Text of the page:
Four protected areas preserving wetlands and rainforests in Georgia's west will join the likes of Yellowstone National Park and Swiss Alps on the UNESCO World Heritage List, after the 2021 World Heritage Committee of the body selected them for inclusion on the coveted roster on Monday.
The Mtirala and Kolkheti National Parks, as well as the Kintrishi and Kobuleti protected areas will be listed alongside the just over 210 natural spots from across the world that have received the status from UNESCO, in a first development of the kind for Georgia.
The decision, made at the 44th session of the World Heritage Committee, held online and chaired from Fuzhou, China, saw reactions from officials and environmentalists in Georgia, with Prime Minister Irakli Garibashvili calling it a "crucial event not only for the country, but [also for] the region".
Recognised as a major element of the Black Sea basin and the South Caucasus ecological system, the four locations had been known to be in preparation for a nomination for the UNESCO list over the recent years.
Safeguarded by the Agency of Protected Areas of Georgia, the territorial formations have been formed between 1959-2007. The Kintrishi Protected Areas are the earliest of the four, established in 1959 in the Black Sea coastline Kobuleti Municipality with an area of over 13,000 hectares in the River Kintrishi ravine.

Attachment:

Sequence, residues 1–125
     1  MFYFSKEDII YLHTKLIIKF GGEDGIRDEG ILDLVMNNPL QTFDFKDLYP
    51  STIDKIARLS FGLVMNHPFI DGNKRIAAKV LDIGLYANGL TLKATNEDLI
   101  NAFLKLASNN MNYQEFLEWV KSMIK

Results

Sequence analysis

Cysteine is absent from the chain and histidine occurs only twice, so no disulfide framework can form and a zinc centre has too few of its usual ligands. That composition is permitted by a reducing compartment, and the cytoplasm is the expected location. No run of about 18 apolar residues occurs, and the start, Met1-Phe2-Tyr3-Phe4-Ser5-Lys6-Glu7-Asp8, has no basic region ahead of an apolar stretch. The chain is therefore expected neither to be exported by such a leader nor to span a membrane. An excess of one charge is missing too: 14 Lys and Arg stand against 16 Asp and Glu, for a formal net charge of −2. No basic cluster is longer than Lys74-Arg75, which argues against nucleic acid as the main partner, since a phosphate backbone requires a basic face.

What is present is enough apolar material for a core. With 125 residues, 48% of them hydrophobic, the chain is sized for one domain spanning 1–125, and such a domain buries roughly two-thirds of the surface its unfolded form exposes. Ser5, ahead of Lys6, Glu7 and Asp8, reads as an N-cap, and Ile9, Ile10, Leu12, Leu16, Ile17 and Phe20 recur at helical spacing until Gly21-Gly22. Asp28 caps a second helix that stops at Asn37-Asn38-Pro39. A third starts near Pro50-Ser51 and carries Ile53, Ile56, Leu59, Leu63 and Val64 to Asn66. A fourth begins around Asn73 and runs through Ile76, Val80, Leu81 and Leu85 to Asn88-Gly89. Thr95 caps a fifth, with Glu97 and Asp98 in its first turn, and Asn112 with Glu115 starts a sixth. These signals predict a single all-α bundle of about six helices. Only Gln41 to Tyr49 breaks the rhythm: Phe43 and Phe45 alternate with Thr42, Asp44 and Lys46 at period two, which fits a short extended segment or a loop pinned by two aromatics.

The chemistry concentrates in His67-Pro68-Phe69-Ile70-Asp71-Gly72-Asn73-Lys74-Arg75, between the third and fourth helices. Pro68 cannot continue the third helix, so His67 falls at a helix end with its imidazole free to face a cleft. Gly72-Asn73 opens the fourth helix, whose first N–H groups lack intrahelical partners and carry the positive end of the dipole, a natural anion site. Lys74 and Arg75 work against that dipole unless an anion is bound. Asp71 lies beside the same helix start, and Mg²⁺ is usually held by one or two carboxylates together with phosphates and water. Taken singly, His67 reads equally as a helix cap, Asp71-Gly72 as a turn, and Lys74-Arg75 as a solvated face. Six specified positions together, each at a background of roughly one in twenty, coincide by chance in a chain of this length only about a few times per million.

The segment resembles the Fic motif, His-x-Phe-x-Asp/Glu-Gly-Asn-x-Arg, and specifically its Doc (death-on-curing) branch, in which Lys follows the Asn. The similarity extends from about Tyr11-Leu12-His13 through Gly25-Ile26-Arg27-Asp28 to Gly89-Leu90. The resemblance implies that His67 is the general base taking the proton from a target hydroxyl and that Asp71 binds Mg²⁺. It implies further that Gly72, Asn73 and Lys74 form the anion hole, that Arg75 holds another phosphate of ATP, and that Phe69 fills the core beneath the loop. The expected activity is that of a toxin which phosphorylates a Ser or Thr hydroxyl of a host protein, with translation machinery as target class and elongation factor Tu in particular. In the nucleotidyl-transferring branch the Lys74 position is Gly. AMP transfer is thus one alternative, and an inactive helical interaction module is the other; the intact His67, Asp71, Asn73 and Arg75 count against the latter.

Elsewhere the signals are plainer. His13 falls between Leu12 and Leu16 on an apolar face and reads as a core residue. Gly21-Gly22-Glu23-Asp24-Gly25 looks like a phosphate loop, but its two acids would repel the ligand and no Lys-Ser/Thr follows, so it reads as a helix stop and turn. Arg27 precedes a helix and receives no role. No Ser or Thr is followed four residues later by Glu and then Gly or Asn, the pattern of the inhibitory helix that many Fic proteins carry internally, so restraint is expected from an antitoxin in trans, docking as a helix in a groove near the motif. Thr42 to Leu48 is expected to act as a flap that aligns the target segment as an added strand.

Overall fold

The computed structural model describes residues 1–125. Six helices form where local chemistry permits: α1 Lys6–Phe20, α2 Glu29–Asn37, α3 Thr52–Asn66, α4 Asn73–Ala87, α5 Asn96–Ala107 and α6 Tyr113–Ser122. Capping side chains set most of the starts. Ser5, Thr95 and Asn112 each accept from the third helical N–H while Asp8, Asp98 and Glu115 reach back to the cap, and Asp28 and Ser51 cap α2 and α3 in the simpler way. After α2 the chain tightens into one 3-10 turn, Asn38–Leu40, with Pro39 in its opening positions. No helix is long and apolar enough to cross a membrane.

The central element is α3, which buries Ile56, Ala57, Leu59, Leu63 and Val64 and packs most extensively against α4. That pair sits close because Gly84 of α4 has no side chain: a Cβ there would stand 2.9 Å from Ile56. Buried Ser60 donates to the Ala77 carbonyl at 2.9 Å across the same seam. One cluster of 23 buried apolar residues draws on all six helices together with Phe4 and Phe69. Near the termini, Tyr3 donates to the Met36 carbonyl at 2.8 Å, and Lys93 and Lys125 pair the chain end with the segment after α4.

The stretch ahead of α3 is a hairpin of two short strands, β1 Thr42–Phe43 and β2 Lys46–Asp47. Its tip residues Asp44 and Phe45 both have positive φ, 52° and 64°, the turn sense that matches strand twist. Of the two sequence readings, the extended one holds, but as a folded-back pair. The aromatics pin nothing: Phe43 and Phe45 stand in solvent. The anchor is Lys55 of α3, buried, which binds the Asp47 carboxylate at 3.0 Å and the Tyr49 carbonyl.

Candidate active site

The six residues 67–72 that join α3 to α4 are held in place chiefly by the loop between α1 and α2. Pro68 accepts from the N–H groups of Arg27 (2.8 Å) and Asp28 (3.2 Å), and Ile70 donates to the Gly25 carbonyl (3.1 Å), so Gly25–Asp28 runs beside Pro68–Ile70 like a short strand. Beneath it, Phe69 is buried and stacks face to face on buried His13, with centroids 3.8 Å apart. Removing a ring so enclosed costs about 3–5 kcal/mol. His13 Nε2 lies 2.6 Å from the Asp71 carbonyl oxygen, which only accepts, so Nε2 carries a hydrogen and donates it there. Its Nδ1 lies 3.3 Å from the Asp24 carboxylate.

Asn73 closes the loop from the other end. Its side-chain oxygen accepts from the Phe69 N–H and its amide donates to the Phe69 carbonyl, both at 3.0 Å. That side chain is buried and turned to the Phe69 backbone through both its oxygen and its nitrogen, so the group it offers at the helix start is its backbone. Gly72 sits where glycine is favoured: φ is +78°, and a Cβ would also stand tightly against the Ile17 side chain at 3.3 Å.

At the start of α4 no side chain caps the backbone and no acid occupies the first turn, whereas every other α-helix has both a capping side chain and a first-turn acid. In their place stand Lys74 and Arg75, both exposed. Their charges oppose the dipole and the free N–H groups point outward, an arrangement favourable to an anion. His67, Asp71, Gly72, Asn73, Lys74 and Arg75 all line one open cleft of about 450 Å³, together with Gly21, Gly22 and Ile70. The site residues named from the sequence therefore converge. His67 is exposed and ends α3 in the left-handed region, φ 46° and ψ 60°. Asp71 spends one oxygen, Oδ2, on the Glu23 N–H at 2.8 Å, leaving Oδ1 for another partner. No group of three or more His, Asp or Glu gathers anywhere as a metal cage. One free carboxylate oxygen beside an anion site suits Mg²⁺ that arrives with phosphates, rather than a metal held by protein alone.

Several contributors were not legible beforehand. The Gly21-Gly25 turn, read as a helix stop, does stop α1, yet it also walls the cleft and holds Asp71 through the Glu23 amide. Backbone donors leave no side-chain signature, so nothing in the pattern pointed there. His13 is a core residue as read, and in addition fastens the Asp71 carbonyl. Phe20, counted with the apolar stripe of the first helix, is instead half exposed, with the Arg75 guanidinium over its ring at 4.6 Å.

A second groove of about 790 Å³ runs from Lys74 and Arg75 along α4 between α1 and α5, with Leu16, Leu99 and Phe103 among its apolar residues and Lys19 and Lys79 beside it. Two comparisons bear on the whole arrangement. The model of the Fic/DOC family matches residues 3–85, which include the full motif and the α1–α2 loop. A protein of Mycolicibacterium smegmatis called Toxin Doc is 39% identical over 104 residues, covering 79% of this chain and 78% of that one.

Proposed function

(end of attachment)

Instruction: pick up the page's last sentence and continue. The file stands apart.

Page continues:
The Kolkheti National Park and Kobuleti Protected Areas were the next to follow in 1998, with the former established to safeguard and preserve the wetlands on the Black Sea’s eastern coast, and the latter to preserve “unique waterfowl habitat wetland ecosystems".
The Mtirala National Park is the latest formation, designated in 2007 within three mountain ranges and hosting visitors with its tourist trails and infrastructure.
Wetland landscape of the Kobuleti Protected Areas is home to biodiversity environmentalists are working to safeguard. Photo: Agency of Protected Areas.
The initiative for nominating the areas was launched in 2017 with support of the World Wide Fund for Nature and the Mikhael Zukov Foundation, and involved field studies of the areas in question for researching their biodiversity.
The World Heritage List currently features 213 natural locations such as the Ancient and Primeval Beech Forests of the Carpathians and Other Regions of Europe, Giant’s Causeway and Causeway Coast in Northern Ireland and the West Norwegian Fjords.
Three non-natural Georgian monuments are inscribed on the list — the Gelati Monastery in the country’s west, the Historical Monuments of Mtskheta, outside the capital Tbilisi, and Upper Svaneti, a highland province in the country’s north.